Best houseplant for windowsills

Best plants for indoor windowsills:  The direction in which your window faces will determine how much sunlight it receives. If you’re not sure, use a compass (there should be one on your smart phone).  South facing windows receive the most light, second is west-facing, then east, and finally north which receives the least.  If there are huge trees outside your window (or anything else that shades the window) then this obviously this affects the amount of sunlight getting in.

 

 

 

Windows with direct sun can be too strong for most plants, even cacti, as the glass can magnify the heat and scorch your poor plants. If that’s the case, you would need a net or voile curtain between the plant and the window. If the window doesn’t receive full sun (i.e. north or east facing), then you have lots of choice as most plants enjoy bright, indirect sun.  Just be careful at night though, some windows can get draughty, which most plants won’t thank you for.

 

 

 

Here are my recommended plants for a shady windowsill and a sunny windowsill…

 

Best plants for shady windowsills:

 

North facing windows are great for shade loving plants. Plants that come from the rainforest floor will thrive in lower levels of light (they are used to the rainforest canopy blocking out bright sun).

A prayer plant (Maranta) or a dumb cane (Dieffenbachia) would do well in a shady window. Both need humidity though, so mist daily or place in a pebble-filled tray of water.

 

A prayer plant (Maranta) – has lovely oval-shaped leaves splashed with bright green or pink lines and can be grown on a shady windowsill (no direct sun at all though!).  They like temperatures of around 18 to 24 degrees (C).  Just be careful in winter, as windowsills can dip below that, which can cause your Prayer Plant’s leaves to shrivel and turn brown.  It likes to be kept moist at all times, so don’t let it dry out.  In the evening and on cloudy days, prayer plants fold their leaves together like hands held in prayer, fascinating!  These really are gorgeous plants, one of my personal faves!

 

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Dumb cane (Dieffenbachia) – this leafy plant does best in a filtered light position, where bright to moderate light shines through a sheer curtain or blind. Filtered light is particularly important in the spring and summer, when it is producing new, tender leaves.  Leaves may burn if the light is too bright or shines directly on the plant.  Like Prayer Plant, it likes to be kept moist but not soggy.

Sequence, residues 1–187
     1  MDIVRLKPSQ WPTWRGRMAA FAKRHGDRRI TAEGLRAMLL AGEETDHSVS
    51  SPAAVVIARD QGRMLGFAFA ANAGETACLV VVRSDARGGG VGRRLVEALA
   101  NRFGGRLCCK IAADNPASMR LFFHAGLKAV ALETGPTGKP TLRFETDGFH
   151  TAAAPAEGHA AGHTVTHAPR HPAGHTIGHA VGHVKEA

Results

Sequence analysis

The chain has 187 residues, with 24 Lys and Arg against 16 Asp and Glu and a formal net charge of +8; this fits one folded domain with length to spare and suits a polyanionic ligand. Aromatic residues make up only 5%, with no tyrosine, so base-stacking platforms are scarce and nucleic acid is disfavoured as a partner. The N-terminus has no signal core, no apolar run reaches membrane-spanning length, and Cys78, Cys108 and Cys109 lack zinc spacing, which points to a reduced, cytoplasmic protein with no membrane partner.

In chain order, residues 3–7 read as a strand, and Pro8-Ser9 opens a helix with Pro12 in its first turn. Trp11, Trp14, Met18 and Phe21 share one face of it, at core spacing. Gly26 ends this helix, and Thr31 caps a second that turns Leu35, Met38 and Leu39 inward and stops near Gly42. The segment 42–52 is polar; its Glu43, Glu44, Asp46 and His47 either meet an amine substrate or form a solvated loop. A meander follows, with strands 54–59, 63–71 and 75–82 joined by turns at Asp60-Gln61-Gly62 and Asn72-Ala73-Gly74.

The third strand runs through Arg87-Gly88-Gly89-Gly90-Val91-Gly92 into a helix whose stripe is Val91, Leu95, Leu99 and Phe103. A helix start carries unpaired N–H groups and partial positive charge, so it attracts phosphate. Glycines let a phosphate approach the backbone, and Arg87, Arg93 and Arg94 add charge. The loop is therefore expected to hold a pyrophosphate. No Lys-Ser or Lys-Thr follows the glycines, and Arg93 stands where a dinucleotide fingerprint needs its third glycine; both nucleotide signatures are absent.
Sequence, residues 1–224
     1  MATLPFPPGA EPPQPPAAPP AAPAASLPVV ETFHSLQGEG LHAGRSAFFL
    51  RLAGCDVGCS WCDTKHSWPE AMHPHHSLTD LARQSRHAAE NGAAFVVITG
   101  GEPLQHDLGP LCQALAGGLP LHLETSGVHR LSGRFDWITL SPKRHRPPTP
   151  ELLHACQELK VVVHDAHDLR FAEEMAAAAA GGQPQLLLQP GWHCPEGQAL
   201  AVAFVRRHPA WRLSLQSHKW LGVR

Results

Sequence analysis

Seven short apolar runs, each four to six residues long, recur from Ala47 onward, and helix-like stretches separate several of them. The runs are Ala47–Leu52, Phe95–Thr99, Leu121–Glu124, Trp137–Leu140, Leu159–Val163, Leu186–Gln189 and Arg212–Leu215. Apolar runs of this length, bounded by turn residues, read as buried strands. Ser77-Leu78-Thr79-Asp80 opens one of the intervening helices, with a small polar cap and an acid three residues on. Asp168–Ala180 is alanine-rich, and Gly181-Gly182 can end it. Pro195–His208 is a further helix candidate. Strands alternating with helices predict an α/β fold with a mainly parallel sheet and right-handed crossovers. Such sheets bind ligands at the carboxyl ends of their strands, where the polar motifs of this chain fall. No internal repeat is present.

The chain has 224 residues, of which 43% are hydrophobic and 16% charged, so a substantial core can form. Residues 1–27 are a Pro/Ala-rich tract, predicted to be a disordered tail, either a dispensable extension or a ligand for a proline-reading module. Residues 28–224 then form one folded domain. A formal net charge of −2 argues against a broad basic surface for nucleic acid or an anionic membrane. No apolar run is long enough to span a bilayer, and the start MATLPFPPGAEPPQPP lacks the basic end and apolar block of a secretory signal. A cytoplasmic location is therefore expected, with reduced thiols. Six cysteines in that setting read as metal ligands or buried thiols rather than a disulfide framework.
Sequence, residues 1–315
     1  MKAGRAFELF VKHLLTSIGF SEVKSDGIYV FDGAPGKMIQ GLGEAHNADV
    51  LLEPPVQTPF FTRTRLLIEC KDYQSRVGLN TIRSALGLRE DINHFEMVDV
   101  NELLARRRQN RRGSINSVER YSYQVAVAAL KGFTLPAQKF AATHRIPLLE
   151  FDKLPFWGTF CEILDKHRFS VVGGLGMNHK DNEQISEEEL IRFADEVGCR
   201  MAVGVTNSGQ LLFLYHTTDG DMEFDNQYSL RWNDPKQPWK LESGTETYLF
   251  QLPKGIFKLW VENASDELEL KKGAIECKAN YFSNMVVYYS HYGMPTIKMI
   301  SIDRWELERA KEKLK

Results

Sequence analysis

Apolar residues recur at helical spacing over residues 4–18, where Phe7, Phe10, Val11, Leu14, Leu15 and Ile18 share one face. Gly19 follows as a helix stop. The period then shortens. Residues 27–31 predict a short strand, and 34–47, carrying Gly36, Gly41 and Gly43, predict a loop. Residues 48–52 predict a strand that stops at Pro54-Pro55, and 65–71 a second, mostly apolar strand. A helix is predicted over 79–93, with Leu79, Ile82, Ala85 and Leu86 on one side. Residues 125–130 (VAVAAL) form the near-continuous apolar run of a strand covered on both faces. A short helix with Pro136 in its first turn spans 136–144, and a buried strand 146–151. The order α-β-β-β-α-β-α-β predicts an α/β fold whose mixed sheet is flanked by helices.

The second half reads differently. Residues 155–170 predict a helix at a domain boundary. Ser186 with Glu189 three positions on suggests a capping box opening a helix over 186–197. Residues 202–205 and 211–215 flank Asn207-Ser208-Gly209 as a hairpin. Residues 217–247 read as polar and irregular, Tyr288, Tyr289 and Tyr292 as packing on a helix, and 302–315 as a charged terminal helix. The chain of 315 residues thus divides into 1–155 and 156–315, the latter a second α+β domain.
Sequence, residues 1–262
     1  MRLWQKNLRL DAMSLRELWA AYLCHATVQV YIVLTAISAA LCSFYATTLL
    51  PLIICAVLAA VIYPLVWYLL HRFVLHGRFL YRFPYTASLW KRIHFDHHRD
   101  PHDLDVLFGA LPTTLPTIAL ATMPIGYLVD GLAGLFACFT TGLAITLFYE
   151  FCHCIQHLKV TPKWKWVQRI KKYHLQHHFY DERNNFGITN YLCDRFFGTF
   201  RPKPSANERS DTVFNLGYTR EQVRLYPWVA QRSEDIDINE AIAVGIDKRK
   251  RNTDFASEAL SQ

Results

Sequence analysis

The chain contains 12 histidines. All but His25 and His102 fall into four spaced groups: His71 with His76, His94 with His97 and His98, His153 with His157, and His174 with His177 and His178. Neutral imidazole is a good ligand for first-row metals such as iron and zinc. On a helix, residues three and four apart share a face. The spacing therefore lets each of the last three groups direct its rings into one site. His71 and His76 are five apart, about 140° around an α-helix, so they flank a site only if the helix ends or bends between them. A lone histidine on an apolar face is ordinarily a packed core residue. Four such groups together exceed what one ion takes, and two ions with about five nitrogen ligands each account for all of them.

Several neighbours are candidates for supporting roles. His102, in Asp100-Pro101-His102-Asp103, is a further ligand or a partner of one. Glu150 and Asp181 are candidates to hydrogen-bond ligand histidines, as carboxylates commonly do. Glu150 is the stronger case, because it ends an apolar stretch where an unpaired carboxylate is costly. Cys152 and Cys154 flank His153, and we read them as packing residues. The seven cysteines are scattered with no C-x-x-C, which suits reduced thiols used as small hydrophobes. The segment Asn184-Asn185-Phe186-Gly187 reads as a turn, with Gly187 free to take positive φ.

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Best plants for sunny windowsills:

 

South facing windows can get very hot in the summer so you may need to provide shade from the midday sun, but this can be a great spot for sun-loving plants.

Succulents and desert cacti enjoy full sun so a bright windowsill is often perfect. Always acclimatize plants to full sun gradually so they don’t burn.

 

 

 

Hens and chicks (Echeveria) – perfect for a windowsill as they love lots of bright light and even some direct sunlight. There are lots of varieties of this succulent. They produce long stems with little tiny flowers at the end; very pretty.  Growing hens and chicks is pretty easy, they don’t need much fertilizer and should rarely be watered. As succulents, hens and chicks plants are accustomed to very little water. They like temperatures between 18-24 (C.).

 

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A cactus plant would do well in a sunny windowsill, they love full sun, though be careful of midday sun as it can get so hot that it magnifies the heat and can scorch your poor plants.  Cacti don’t usually mind the cold temperatures of a windowsill at night (the desert is blazing hot during the day, but the temperature actually drops very low at night-time).  Water and light requirements are fairly similar for most cacti species, including a cooler period in the winter. Watering should be done carefully, allowing the plant to almost dry out between waterings. Never let a cactus sit in moist soil, ensure it drains fully.

 

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There are many more plants that would be happy on a windowsill, always remember to find out about your plants specific needs before placing them in your chosen spot.  And remember that light levels vary greatly between seasons, a shady windowsill in winter may be very bright during summer.  If you are just starting out with plants, check out my other plant posts such as Best houseplants for beginners or Best houseplants for low light rooms.  With a little research it is easy to find the perfect plants for your home.

 

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Disclaimer: None of the information shared should be used as a replacement for seeking medical attention.

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